I’ve worked in three schools that had a Nursery as part of its early years setting. Two out of three of them were, in my opinion, outstanding examples of what provision at that age should be. They were lovely and fun places to be; the children expressed themselves and enjoyed all manner of child initiated learning; the adults did more monitoring and assessment in one day than a SATS marker would do in a lifetime and, most importantly, there was rigorous literacy and numeracy teaching every day.
Occasionally, especially if talking to certain Early Years experts, you had to keep that last bit quiet. If you told them that you had just seen a great maths lesson in a nursery class where the children sat in a circle for about twenty minutes whilst being taught number bonds (sometimes up to 20) followed up by some investigative practical maths activities, well first you would have to help them back onto their feet after they had fainted from the shock and then you would have to suffer a telling off that would go on for so long you couldn’t help but think it contradicted their own advice about inputs being very short.
Their argument: ‘You’re not meant to teach them, they’re not at school, they need to be nurtured, they need to explore the world, they need to be led by their own curiosity not by formal lesson structures…you evil, evil man.’
My response: ‘You see that child there? He’s just made a hat out of leaves and that one has just learnt paint isn’t tasty. Pretty sure they’re being led by their own curiosity thanks. And as a bonus they’re learning loads about maths because they can do it and they seem to enjoy it.’
I was often never more impressed at what schools can achieve than when I visited Nursery classrooms. When the teachers and support staff refused to adhere to a glass ceiling of what the youngest children in our system could learn and how far you could stretch their understanding. None of this ‘but they only need to count objects up to 10’ nonsense. They’ve done that, they did it really easily; imagine if you put two more counting bears on the carpet? All of that PLUS more creative and child centred learning than you could shake a bead bar at. All that PLUS a level of assessment that is thorough to the point of lunacy.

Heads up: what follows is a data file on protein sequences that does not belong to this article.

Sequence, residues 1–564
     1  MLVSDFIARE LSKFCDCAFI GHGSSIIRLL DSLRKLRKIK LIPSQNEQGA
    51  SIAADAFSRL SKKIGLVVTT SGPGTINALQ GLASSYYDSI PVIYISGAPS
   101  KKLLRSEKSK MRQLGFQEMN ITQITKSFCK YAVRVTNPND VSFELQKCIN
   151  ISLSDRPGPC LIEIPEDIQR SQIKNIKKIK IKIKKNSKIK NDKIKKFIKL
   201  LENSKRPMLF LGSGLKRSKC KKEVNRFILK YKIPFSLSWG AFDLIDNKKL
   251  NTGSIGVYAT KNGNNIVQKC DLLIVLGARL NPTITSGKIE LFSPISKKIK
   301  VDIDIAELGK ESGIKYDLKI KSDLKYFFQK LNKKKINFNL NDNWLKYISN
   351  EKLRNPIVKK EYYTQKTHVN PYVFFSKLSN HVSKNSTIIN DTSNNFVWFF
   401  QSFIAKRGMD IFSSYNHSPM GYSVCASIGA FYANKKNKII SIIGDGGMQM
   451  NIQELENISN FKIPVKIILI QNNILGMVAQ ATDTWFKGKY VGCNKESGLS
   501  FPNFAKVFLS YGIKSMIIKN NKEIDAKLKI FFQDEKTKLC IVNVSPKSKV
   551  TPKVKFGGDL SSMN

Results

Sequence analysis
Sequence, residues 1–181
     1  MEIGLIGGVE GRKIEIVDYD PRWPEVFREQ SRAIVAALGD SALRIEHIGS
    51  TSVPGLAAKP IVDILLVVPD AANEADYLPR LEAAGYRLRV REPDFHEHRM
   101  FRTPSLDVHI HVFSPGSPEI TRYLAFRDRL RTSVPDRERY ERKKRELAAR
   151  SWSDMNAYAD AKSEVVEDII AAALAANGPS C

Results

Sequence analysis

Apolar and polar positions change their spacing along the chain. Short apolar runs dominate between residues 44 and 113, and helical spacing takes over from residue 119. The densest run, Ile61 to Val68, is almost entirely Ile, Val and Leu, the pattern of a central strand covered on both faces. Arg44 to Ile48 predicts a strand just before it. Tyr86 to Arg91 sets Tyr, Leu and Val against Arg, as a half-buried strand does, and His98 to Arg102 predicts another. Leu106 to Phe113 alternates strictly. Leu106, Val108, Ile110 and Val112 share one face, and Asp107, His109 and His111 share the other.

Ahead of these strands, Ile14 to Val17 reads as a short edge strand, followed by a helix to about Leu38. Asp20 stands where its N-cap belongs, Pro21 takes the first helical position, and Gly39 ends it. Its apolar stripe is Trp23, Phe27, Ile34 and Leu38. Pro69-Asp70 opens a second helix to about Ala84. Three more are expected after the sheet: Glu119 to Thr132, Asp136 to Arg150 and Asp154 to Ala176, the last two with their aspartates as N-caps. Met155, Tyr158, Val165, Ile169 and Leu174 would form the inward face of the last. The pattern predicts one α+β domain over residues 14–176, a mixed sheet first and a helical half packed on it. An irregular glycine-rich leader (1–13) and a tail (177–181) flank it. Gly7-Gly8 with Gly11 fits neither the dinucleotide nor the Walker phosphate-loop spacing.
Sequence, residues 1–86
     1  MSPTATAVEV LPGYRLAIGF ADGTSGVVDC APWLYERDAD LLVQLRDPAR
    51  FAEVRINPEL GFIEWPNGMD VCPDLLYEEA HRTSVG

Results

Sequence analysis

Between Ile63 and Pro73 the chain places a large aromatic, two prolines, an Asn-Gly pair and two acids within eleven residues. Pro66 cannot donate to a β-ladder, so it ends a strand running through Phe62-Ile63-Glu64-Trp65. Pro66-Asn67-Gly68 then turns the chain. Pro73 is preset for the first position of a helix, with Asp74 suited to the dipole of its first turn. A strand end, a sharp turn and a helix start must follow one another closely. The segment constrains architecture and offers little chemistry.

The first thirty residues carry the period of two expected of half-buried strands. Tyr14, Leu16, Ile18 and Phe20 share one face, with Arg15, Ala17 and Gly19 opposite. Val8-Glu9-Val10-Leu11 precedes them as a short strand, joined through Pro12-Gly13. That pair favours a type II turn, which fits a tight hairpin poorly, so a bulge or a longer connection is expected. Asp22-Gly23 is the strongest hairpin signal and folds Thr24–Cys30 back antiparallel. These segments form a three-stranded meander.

I do think the aforementioned Early Years Specialist is a now a rather dated gross stereotype-but I have met those ‘types’ in my career. And I normally ended such a meeting with a swift word in the nursery teacher’s ear to say ‘yeah, ignore what they said, keep doing what you’re doing.’
So, imagine my delight when I heard that Sir Michael Wilshaw was suggesting that children should be taught more and taught earlier. Bring it on, I thought. At last someone understands. The ‘gap’ that develops between many of our disadvantaged children and their peers is often there at the very start. It should be our job to give them a leg up before we’re even aware they need it. Don’t wait until you know they’ve fallen behind. Crack on and teach them how to enjoy stories, make them love putting crayon to paper, get them counting, adding, taking away, grouping anything that can be grouped. In short, exploit the time you have with them to the max. They’ll enjoy it, they’ll associate school with learning which will fuel their curiosity and they’ll have a better chance of succeeding later on. Good on you Sir Michael, you’re a star.
What about that checklist though? How’s that going to work? Is he saying that children won’t be able to attend full time school until they can successfully hold a knife and fork, ask to go to the toilet in a complete sentence and then sort themselves out after they’ve done a poo? Are nurseries now going to have less time to teach all the stuff I went on about because they’re going to be modelling the sentence ‘Please Miss, may I nip to the loo as I really need a wee?’ on flashcards to a distressed child who is now bent double from trying to keep the wolf from the door (as it were)?
What if they can’t do it? When they join Reception are we going to have to split the class into two groups: those that can eat spaghetti correctly using the fork and spoon method and those that consider cutlery to be a distraction that they have neither the time nor the inclination for? Are we going to lose half a year of potential literacy, numeracy and wider curriculum progress because the autumn topic is now ‘putting on a coat and asking for things nicely’?
Why is it now the school’s job to teach children how to put on outer layers of clothing and using a type of knife that isn’t preceded by ‘craft’ or ‘stanley’? Forgive me, Sir Michael, but it feels like you’re dumping society’s failings onto us again and expecting us to fix it. Responding to the challenges of a changing society is one thing but I know how this works; you’ve put it out there now. You’ve released this concept that schools should teach this rubbish so pretty soon every parent up and down the land is going to expect it. Mums and dads across the country will gradually absolve their parental responsibility as it will be deemed the school’s job to sort it.
Call me a weak minded, moaning quitter if you will, but we can’t have complete responsibility for the holistic development of every child…that ain’t fair!